Individual Worth is one of the seven values in the theme young women repeat every Sunday. For a long time, I didn’t believe individual worth applied to me. Just as I knew gravity existed, I thought I knew that I had no worth.
Some of us are left with long-lasting scars from the battle of adolescence, not making it through as gracefully as others. I was among these “casualties,” and about three years ago my lack of self-worth became crippling. I felt worse and worse about myself. I was sad a lot more than usual, and I was sleeping almost all day. Some days were better than others, and those days I was able to act like my normal, effervescent self. But other times it was a struggle to drag myself out of bed and brush my hair.
My emotional roller-coaster ride lasted for about two years, then I hit a low. Depression set in for good this time, and I could see no way out. Some mornings, a problem as trivial as running out of hot water for my shower was enough to make me weepy for the rest of the day. On days like these life seemed to me a cruel fate.
I stopped reading my scriptures and saying my prayers, and my efforts to draw closer to Heavenly Father came to a halt. Why should I pray to a God who didn’t care about me anymore? I felt utterly unworthy of asking for help from anyone, let alone my Maker. I believed I was helpless, hopeless, unloved. As a result, I became self-destructive.
When I hit rock bottom, my parents took me to a psychiatric rehabilitation center. Over time I learned to deal with my problems in healthy ways. I was able to reclaim the self-worth and self-confidence I had lost over the last three years.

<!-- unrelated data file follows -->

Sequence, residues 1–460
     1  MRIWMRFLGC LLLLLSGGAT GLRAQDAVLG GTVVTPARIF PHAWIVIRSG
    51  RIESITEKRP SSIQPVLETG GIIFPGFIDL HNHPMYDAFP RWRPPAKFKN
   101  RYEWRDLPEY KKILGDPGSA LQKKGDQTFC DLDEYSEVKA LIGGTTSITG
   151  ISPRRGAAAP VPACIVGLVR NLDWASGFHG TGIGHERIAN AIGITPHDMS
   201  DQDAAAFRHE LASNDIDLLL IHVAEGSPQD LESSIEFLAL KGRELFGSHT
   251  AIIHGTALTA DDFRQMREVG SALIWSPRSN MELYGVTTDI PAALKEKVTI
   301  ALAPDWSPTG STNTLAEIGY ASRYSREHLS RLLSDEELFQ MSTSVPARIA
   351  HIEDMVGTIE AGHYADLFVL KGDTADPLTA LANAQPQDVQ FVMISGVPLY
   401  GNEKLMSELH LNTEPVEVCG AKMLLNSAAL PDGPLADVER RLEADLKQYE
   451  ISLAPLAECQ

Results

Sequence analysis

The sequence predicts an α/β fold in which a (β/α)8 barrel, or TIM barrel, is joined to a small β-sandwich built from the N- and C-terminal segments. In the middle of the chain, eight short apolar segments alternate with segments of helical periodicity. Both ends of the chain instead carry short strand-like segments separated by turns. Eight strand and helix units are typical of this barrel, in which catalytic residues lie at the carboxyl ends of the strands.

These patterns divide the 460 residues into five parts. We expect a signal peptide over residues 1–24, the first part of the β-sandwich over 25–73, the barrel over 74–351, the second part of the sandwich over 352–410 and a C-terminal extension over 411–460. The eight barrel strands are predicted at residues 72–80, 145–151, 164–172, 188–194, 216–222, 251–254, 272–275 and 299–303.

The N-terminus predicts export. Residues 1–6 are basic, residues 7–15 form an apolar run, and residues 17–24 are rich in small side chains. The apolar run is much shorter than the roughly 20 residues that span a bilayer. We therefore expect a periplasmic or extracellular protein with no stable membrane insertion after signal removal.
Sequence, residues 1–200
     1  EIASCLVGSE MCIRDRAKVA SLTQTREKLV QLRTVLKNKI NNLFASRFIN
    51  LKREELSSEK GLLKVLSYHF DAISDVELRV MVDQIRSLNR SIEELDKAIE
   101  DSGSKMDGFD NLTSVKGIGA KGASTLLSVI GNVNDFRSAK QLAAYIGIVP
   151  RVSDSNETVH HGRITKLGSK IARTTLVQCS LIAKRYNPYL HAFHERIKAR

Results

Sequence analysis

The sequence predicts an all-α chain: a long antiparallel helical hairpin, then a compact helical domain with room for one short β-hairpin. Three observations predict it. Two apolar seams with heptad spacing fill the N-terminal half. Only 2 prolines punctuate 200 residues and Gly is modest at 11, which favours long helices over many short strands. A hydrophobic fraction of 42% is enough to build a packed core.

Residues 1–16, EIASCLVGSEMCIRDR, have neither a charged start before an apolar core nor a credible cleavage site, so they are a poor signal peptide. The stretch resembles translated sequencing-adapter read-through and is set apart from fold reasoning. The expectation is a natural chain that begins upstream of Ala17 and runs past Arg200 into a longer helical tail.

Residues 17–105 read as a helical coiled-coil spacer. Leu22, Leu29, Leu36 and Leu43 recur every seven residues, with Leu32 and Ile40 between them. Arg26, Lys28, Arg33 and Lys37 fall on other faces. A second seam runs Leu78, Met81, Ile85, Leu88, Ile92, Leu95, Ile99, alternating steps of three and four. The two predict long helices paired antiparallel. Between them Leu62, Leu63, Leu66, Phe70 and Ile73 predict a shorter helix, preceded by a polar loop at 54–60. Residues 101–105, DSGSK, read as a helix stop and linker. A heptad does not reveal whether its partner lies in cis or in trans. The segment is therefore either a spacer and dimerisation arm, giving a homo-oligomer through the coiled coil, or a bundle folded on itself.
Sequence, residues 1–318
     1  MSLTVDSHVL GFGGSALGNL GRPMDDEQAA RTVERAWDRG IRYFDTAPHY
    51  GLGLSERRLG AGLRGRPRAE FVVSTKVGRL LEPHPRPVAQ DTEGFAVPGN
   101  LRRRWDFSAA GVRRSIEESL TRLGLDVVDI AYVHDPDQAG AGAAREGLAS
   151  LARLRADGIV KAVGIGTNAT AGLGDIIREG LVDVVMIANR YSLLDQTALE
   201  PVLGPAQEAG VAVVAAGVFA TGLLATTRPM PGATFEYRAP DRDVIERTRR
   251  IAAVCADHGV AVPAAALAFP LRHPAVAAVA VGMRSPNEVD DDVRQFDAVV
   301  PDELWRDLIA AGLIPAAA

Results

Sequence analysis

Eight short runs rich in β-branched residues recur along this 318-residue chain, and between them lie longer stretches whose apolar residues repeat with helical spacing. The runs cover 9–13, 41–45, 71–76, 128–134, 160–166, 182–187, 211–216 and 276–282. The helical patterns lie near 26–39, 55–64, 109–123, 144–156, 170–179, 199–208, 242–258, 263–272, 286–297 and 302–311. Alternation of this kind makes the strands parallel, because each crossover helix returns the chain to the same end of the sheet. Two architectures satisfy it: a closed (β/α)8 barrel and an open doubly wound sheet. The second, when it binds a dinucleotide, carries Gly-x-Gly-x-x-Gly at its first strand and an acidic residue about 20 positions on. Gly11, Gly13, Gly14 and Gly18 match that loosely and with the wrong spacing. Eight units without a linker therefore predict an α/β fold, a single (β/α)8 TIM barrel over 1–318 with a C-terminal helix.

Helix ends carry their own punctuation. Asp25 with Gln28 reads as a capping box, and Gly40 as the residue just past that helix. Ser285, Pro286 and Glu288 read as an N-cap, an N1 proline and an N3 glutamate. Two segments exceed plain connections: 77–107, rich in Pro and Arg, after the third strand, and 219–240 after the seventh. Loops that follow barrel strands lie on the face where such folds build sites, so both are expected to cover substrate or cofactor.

As I struggled through the slow process of getting better, my mom and my good friend suggested I start praying again. The thought of praying terrified me. I couldn’t go to Heavenly Father for help now. What if I really wasn’t ready? For the longest time, I could not bring myself to address my Heavenly Father. I knew He loved me, but I just couldn’t feel it in my heart. Again, doubt about my self-worth blocked my ability to heal until one day I finally realized, “I have to start somewhere, and now’s as good a time as any.”
I found the courage to get on my knees and pray to my Heavenly Father. As I began confiding in Him about my fears, wishes, and what I was most thankful for, an immense feeling of pure love completely overwhelmed me. All I could do was sob. This was a sensation I hadn’t had for years. I had missed it so much, and now it was back, full force, and all I could do was cry and cry. I knew without a single grain of doubt that my Father in Heaven loved me, that I was His prized and precious daughter. Now every time I pray I experience a reaffirmation of that truth. I will never forget that I truly am a daughter of God who loves me. And I love Him.
Editor’s Note: For more information about depression you can read “Rising Above the Blues” in the April 2002 New Era.